When photos of the protests in Cairo’s Tahrir Square hit the media, America was introduced to a muddled collection of images — an endless sea of people, spurts of fire and the foreign scribble of Arabic writing. Initially, it wasn’t clear what was going on, especially as Egyptian President Hosni Mubarak’s regime tried to tighten its grip on what the rest of the world saw, temporarily shutting down the Internet and discouraging journalists from doing their jobs.
But to engineering Ph.D. student Hassan Ghozlan, an Egyptian citizen who came to the United States for the first time in Fall 2009 to attend the Viterbi School of Engineering, the pictures were personal. They showed the square just across the Nile from his home, the place where a month ago he bought novels from a bookstore in the square.
And for freshman Richard Sidhom, whose family left Egypt and came to the United States when he was nine years old, the protesters in the streets of Alexandria, Sidhom’s birthplace, were cousins, distant relatives and friends that he had left behind.
The protests, which have been going on since Jan. 25, represent to Ghozlan and Sidhom a power struggle between Mubarak’s regime and the masses of average Egyptians who have been suffering for too long under Mubarak’s rule.
“It was not religious, it was not an Islamic uprising,” Ghozlan said. “It’s just people: engineers, university professors, doctors, average people. It was the youth, and that’s why it has hope to be successful.”
Both Ghozlan and Sidhom were raised under Mubarak’s rule and taught from a young age to refrain from speaking out in order to protect themselves — never to get into a fight or walk into a protest or hold a sign. Ghozlan compares Mubarak’s 30-year rule to that of Big Brother in George Orwell’s 1984.
It was always never do this, never do that, especially for Sidhom, who is a Coptic Catholic, a minority in Egypt.
But according to Ghozlan, the current protests transcend religious differences. To him they represent good, middle-class Egyptians standing up against a certain evil that has overstayed his welcome as their ruler.
“[Religion] is the card the [Mubarak] regime plays to the West — it’s either me, or the Muslim Brotherhood and the extremists,” Ghozlan said. “And people buy that.”
This isn’t the only issue Ghozlan feels Mubarak has swept under the rug. He believes that, over the last 10 or 15 years in particular, the regime has been a sham, featuring acts of deceit, corruption and oppression.
Videos have been leaked of Egyptian Parliament members being told how to vote and not being able to do otherwise. A Mubarak opponent trying to run for the presidency was sentenced to prison on counts of forgery. A ferry boat unfit for use sank in the waters of the Red Sea, drowning more than 1,300 Egyptians. These and thousands of other acts have seemed to go unpunished — until now.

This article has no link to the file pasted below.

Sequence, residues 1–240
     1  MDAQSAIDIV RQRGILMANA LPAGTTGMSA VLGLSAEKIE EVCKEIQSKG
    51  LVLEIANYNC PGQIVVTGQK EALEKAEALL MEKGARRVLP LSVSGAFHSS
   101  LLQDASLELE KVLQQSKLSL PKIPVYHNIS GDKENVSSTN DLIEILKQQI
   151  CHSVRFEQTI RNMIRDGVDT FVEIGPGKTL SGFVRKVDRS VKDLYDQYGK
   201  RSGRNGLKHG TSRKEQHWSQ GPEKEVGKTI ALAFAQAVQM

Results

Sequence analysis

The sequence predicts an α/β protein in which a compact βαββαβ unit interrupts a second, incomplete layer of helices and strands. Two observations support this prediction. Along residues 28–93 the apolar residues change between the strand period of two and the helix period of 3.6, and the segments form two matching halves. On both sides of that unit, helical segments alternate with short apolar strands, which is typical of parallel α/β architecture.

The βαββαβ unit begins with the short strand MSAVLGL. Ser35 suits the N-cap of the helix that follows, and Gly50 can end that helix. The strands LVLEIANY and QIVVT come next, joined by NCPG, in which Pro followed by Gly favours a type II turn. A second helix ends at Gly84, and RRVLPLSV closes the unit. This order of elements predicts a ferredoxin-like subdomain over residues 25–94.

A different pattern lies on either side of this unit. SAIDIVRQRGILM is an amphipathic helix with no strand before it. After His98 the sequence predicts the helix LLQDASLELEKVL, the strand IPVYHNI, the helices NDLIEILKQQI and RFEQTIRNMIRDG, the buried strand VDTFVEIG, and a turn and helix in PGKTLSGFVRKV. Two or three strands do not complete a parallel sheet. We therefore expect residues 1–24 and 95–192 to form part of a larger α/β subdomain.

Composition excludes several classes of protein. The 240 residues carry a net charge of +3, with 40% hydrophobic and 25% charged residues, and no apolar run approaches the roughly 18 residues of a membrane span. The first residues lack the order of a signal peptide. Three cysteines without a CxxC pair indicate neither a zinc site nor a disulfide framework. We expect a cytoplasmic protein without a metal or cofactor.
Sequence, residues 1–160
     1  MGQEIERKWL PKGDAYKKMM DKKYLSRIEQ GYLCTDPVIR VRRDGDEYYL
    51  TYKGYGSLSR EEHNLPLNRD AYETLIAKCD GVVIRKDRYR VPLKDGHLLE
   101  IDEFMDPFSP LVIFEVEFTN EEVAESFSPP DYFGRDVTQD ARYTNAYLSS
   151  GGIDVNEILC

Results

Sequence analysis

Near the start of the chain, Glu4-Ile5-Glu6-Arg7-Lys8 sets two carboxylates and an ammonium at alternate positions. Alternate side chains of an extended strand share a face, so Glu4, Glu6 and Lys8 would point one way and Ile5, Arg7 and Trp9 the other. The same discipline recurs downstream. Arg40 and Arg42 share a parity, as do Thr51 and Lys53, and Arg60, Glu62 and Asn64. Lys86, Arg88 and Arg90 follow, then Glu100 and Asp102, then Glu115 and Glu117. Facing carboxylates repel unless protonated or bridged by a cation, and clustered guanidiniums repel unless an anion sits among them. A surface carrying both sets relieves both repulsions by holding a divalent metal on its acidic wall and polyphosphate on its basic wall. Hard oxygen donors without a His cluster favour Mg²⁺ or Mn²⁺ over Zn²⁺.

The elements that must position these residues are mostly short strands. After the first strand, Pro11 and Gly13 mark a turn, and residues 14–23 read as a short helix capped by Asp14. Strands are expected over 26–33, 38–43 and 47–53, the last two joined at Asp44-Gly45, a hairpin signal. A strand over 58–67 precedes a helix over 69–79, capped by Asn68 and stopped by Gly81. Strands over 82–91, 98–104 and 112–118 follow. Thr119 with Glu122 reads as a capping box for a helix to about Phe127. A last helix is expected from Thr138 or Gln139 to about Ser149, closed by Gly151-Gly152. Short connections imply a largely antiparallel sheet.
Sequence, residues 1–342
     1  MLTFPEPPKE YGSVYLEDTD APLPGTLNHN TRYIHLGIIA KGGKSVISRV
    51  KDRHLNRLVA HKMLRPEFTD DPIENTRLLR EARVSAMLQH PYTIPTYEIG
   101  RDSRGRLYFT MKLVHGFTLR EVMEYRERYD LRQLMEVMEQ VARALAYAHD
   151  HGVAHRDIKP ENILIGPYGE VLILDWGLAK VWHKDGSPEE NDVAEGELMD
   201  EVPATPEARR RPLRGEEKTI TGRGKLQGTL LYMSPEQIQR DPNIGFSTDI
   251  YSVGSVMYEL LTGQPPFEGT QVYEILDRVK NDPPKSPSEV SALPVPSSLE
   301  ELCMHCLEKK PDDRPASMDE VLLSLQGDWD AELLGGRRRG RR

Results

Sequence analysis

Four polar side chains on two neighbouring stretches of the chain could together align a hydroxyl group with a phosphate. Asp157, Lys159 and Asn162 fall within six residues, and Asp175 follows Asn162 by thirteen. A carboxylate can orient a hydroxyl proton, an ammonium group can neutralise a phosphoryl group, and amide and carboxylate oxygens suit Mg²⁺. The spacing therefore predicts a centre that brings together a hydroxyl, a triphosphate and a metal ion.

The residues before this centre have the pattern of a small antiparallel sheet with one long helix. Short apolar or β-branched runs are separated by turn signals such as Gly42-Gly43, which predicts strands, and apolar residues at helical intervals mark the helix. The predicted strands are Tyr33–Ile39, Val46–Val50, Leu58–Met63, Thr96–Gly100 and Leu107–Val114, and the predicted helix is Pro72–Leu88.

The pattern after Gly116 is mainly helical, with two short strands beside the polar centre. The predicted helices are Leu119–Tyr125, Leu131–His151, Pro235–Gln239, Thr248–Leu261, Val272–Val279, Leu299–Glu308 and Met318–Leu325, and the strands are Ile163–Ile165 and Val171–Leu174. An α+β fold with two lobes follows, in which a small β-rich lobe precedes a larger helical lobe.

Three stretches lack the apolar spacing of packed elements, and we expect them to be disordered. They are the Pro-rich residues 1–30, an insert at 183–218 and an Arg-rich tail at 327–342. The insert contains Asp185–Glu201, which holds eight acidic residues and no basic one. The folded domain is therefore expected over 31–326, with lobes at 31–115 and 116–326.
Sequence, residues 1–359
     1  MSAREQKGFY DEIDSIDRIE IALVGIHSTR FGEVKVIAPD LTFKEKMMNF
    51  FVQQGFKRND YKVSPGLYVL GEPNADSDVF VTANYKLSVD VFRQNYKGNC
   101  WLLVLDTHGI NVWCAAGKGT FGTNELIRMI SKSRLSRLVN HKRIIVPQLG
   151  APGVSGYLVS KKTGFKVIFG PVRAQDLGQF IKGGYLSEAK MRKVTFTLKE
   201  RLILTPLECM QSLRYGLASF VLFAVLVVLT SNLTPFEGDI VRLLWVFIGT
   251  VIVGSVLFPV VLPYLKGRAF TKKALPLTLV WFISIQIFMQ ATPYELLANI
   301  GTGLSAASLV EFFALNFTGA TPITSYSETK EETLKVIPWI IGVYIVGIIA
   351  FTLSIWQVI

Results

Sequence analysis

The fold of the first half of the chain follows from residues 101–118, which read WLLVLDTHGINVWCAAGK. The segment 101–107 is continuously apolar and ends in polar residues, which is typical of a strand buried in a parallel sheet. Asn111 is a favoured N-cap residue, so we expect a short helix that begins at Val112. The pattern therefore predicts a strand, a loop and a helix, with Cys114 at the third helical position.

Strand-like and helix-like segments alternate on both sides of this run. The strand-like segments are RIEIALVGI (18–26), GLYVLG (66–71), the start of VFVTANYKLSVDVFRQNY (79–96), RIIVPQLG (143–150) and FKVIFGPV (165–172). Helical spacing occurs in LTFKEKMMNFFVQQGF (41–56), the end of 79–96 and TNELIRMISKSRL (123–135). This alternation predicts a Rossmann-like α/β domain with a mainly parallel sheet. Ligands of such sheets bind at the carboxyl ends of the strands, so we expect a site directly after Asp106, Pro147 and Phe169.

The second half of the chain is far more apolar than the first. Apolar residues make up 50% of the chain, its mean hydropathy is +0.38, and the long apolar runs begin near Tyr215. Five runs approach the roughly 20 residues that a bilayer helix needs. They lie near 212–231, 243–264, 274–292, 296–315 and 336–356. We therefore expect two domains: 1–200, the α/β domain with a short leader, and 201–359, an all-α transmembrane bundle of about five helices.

“You don’t see what’s going under the carpet,” Ghozlan said. “People are boiling, people are mistreated, the regime is oppressive.”
This dynamic can be seen in the photos recently released. In one, an anti-Mubarak protester sits in the square holding a sign written in Arabic that translates to “Come on Hosni! I need to go home to grade the exams,” while in another, members of Mubarak’s National Democratic Party barge through the crowds on horse and camelback, a sight Ghozlan hadn’t seen in the square in the 25 years he lived in Cairo.
It is acts like these that lead Ghozlan to believe Mubarak cannot be trusted. Whether right now or in eight months, when the national elections are planned to take place. Ghozlan supports an immediate transfer of power, though he doesn’t think Mubarak needs to be exiled from Egypt for this to be successful.
Sidhom, on the other hand, is not quite as convinced. As a Coptic, he is somewhat wary of the Muslim Brotherhood taking over, and believes that if this occurs, it could cause problems for Egyptian Coptics. The worst-case scenario would be a Coptic diaspora from Egypt, according to Sidhom. But above all, he wants what is best for Egypt as a whole.
“What I’ve been noticing is on one hand, you have some people who are taking advantage of the chaos to act out these anti-Coptic feelings,” Sidhom said. “But on the other hand you have a lot of people who right now are saying, ‘We’re not Coptics and Muslims; we’re all Egyptians.’”
This nationalistic mentality can be seen both in the heart of Tahrir Square and thousands of miles away in Los Angeles, where Ghozlan and Sidhom can openly voice their opinions about Mubarak and what they see fit for the future of Egypt.
“It’s when one looks at the world and sees democracy and sees how things are run in democratic countries that he realizes how cruel it is to live in such a society,” Ghozlan said.
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